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Most people believe democracy is a uniquely just form of government. They believe people have the right to an equal share of political power. And they believe that political participation is good for usâit empowers us, helps us get what we want, and tends to make us smarter, more virtuous, and more caring for one another. These are some of our most cherished ideas about democracy. But Jason Brennan says they are all wrong.
In this trenchant book, Brennan argues that democracy should be judged by its resultsâand the results are not good enough. Just as defendants have a right to a fair trial, citizens have a right to competent government. But democracy is the rule of the ignorant and the irrational, and it all too often falls short. Furthermore, no one has a fundamental right to any share of political power, and exercising political power does most of us little good. On the contrary, a wide range of social science research shows that political participation and democratic deliberation actually tend to make people worseâmore irrational, biased, and mean. Given this grim picture, Brennan argues that a new system of governmentâepistocracy, the rule of the knowledgeableâmay be better than democracy, and that it's time to experiment and find out.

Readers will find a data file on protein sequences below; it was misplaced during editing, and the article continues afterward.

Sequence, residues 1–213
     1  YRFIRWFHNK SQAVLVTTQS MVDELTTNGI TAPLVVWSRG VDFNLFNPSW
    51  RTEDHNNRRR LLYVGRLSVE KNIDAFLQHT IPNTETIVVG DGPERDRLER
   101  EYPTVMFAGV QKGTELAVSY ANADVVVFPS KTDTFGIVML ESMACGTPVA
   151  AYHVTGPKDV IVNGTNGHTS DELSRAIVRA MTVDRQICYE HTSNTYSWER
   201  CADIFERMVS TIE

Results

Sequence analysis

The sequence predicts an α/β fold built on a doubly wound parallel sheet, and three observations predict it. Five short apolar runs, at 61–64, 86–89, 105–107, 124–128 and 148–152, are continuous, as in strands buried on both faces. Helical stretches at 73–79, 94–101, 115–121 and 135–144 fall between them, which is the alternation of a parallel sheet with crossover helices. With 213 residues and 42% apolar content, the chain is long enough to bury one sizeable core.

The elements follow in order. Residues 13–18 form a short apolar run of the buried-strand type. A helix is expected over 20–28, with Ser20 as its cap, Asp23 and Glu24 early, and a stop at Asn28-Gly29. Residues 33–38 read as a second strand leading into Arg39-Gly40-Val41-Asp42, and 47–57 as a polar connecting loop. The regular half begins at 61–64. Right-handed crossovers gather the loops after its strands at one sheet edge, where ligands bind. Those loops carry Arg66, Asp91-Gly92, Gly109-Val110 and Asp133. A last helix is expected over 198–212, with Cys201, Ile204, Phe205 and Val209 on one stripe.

A challenging critique of democracy and the first sustained defense of the rule of the knowledgeable, Against Democracy is essential reading for scholars and students of politics across the disciplines.
Featuring a new preface that situates the book within the current political climate and discusses other alternatives beyond epistocracy, Against Democracy is a challenging critique of democracy and the first sustained defense of the rule of the knowledgeable.
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